Public Health senior, Qian Jia, is originally from China, but her interest lies with the San Joaquin Valley where she has been conducting a study on air pollution for the past two years. Her dedication to the topic won her first place in the Student Research Project category at the 18th Annual California Unified Program (CUPA) Training Conference in Anaheim.
Jia beat out many other students from various universities and colleges throughout California, all of whom are majoring in environmental/occupational health and safety. The grand prize garnered her a $2,000 scholarship.
The annual CUPA conference brings together local, state, federal, environmental health agencies, as well as industry experts, students and public officials to learn about the latest ideas and initiatives in the field.
This was the first time a student from Fresno State won the prestigious student research award. Jia’s presentation infused elements from the Children’s Health and Air Pollution Study in the San Joaquin Valley, also known as CHAPS-SJV.
Originally from Yentai City, China, Jia came to Fresno State five years ago because of the high rate of pollution prevalent in the Central Valley, particularly Fresno County. The chance to research here was a great learning opportunity.
“The San Joaquin Valley is one of the most polluted air basins in the United States,” said Jia. “Particulate matter air pollution is a serious problem for public health in the Fresno area, especially during the winter. Almost everyone is aware of the air pollution, and concerns about the health effects resulted from air pollution. So I really want to participate in this research.”
Through the CHAPS-SJV study, Jia and her classmates, along with faculty in the Department of Public Health, seek to understand and reduce the risks of air pollution exposure to pregnant women and children in the San Joaquin Valley. To do this, they measured air pollutant exposure concentrations in various neighborhoods throughout Fresno. They found that women and children within close proximity to freeways or busy roads were exposed to higher volumes of air pollutants, which can lead to birth defects or preterm birth.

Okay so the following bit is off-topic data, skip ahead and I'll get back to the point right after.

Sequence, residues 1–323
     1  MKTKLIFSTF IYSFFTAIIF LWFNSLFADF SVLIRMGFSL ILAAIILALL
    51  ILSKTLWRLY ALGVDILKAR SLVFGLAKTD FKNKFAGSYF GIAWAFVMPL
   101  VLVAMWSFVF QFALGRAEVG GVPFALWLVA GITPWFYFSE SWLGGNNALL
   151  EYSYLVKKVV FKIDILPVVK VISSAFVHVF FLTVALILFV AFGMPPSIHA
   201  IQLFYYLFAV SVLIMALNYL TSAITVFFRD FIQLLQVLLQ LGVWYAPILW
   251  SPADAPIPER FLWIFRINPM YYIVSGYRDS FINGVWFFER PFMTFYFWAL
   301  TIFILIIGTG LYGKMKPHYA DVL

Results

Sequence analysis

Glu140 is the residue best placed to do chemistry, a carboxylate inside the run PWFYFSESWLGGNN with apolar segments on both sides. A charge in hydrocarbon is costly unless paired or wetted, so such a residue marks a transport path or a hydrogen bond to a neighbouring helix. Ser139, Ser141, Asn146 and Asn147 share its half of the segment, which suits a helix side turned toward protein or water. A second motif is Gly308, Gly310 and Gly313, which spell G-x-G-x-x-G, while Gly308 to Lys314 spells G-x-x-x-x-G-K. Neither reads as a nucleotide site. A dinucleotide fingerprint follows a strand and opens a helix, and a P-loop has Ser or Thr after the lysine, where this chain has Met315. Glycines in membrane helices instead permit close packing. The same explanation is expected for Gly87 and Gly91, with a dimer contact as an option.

This study is done in partnership with U.C. Berkeley, Stanford and UCSF-Fresno.
Dr. Jaymin Kwon, an assistant professor in the Department of Public Health, is not surprised Jia came in first place. He has worked closely with her on the CHAPS-SJV study since she joined the research group in the fall of 2014.
“Ever since then, she has dedicated her time and efforts towards this study,” said Kwon. “She is such a wonderful student who always volunteers and provides valuable input on the projects. As a mentor and investigator of CHAPS-SJV research, I am so honored and proud of her that she won first place in the student research competition at the CUPA Training Conference.”
In addition to presenting at the conference, Jia has also presented at the 2015 Central California Research Symposium and co-authored the oral presentation at the International Society of Exposure Sciences with principal investigators from U.C. Berkeley and Fresno State.
Over 1,800 attended the three-day conference, which gave Jia a great chance to gain additional knowledge in the field and meet with industry leaders.
“I learned so much in the CUPA Training Conference, especially in the Hazardous and Waste and CUPA history sessions,” said Jia. “This conference offered so many sessions for participants to learn.”
Jia will graduate in May with her bachelor’s degree and plans to become an environmental health and safety specialist. She said her desire to improve public health and having a positive impact in the area fills her with great satisfaction.
Great work, Qian!
April 4-10, 2016 is observed as National Public Health Week – a time to recognize the value of public health and its importance in ensuring happy and healthy lives for generations to come.